[Show abstract][Hide abstract] ABSTRACT: Author Summary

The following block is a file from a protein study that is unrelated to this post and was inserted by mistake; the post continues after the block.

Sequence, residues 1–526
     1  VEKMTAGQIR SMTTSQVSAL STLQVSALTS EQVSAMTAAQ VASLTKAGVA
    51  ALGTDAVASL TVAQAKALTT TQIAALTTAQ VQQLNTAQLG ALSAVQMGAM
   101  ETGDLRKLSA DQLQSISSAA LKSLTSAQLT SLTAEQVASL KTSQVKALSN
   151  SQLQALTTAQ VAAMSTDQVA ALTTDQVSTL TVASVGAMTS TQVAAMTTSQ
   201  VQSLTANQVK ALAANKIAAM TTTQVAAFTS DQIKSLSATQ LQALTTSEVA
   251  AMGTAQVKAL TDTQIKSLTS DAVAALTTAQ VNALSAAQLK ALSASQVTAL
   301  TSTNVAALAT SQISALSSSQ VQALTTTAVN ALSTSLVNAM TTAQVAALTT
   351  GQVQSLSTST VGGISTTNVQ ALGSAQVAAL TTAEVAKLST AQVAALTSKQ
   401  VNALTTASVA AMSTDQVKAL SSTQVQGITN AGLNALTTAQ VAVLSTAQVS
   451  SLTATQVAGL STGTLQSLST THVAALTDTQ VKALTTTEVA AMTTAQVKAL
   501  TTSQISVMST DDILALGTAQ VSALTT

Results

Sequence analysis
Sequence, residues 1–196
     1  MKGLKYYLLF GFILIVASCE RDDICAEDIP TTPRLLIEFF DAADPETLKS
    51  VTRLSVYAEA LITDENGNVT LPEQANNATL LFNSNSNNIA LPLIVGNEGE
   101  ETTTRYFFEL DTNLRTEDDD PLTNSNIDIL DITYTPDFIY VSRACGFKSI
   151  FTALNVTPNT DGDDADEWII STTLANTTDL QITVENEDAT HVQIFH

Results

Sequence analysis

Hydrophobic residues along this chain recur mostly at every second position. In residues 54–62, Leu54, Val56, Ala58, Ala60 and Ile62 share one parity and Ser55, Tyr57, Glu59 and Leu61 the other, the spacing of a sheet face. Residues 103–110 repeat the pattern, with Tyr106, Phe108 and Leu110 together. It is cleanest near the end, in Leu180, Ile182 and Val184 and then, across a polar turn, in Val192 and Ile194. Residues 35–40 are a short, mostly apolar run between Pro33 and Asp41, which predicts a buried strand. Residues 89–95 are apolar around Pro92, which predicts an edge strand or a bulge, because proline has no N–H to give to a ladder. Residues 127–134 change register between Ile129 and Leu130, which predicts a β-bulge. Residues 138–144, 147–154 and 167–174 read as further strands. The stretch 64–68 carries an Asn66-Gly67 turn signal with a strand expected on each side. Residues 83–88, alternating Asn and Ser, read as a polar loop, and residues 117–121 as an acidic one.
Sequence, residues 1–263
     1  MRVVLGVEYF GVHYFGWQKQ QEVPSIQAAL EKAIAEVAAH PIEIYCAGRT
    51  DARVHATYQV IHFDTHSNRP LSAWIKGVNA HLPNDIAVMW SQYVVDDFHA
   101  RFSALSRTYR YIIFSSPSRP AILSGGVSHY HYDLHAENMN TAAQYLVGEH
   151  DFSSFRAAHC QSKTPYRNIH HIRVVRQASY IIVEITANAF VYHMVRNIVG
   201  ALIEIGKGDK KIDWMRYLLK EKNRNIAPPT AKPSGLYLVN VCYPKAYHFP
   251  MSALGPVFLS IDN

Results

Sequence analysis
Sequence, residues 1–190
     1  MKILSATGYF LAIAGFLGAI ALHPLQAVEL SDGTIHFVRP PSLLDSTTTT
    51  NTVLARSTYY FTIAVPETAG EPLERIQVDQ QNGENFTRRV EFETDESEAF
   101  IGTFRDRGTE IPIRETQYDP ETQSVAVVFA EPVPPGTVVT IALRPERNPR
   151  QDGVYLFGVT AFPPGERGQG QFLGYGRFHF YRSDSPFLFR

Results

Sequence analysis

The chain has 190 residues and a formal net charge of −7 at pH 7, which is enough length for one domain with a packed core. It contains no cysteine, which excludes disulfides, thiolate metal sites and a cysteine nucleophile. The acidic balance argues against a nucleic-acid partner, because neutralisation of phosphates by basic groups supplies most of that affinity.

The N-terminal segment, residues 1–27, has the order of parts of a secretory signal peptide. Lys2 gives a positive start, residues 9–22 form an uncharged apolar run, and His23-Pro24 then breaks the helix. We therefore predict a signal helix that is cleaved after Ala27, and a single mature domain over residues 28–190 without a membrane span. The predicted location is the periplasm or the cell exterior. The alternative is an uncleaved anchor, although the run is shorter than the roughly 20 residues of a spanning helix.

The birth of adult hippocampal neurons is associated with enhanced learning and memory performance. In particular, spatial learning increases the survival and the proliferation of newborn cells, but surprisingly, it also decreases their number. Here, we hypothesized that spatial learning also depends upon the death of newborn hippocampal neurons. We examined the effect of spatial learning in the water maze on cell birth and death in the rodent hippocampus. We then determined the influence of an inhibitor of cell death on memory abilities and learning-induced changes in cell death, cell proliferation, and cell survival. We show that learning increases the elimination of the youngest newborn cells during a specific developmental period. The cell-death inhibitor impairs memory abilities and blocks the learning-induced cell death, the survival-promoting effect of learning on older newly born neurons, and the subsequent learning-induced proliferation of neural precursors. These results show that spatial learning induces cell death in the hippocampus, a phenomenon that subserves learning and is necessary for both the survival of older newly born neurons and the proliferation of neural precursors. These findings suggest that during learning, neuronal networks are sculpted by a tightly regulated selection of newly born neurons and reveal a novel mechanism mediating learning and memory in the adult brain.